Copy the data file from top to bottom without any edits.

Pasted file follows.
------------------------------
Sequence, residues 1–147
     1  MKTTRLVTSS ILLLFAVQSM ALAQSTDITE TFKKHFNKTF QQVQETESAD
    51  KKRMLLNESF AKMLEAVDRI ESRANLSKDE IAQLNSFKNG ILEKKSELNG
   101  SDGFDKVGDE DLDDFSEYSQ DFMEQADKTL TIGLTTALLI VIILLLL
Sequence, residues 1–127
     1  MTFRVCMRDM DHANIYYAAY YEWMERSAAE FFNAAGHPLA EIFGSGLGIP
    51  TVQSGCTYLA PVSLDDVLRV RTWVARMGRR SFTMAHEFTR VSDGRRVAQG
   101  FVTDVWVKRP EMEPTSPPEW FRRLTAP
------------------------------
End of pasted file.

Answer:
Sequence, residues 1–147
     1  MKTTRLVTSS ILLLFAVQSM ALAQSTDITE TFKKHFNKTF QQVQETESAD
    51  KKRMLLNESF AKMLEAVDRI ESRANLSKDE IAQLNSFKNG ILEKKSELNG
   101  SDGFDKVGDE DLDDFSEYSQ DFMEQADKTL TIGLTTALLI VIILLLL
Sequence, residues 1–127
     1  MTFRVCMRDM DHANIYYAAY YEWMERSAAE FFNAAGHPLA EIFGSGLGIP
    51  TVQSGCTYLA PVSLDDVLRV RTWVARMGRR SFTMAHEFTR VSDGRRVAQG
   101  FVTDVWVKRP EMEPTSPPEW FRRLTAP